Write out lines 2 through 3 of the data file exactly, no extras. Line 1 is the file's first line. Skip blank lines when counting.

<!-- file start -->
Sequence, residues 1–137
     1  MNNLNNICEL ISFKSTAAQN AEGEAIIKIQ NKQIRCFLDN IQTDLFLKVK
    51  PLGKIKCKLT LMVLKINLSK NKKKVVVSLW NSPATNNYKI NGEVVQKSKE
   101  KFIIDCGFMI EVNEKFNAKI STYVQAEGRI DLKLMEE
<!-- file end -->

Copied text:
     1  MNNLNNICEL ISFKSTAAQN AEGEAIIKIQ NKQIRCFLDN IQTDLFLKVK
    51  PLGKIKCKLT LMVLKINLSK NKKKVVVSLW NSPATNNYKI NGEVVQKSKE